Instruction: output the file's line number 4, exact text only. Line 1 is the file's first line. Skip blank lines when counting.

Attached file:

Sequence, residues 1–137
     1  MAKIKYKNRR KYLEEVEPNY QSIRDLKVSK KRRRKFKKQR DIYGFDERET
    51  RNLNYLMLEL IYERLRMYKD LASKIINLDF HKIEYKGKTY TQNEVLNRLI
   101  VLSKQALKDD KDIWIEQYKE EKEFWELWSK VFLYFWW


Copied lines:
   101  VLSKQALKDD KDIWIEQYKE EKEFWELWSK VFLYFWW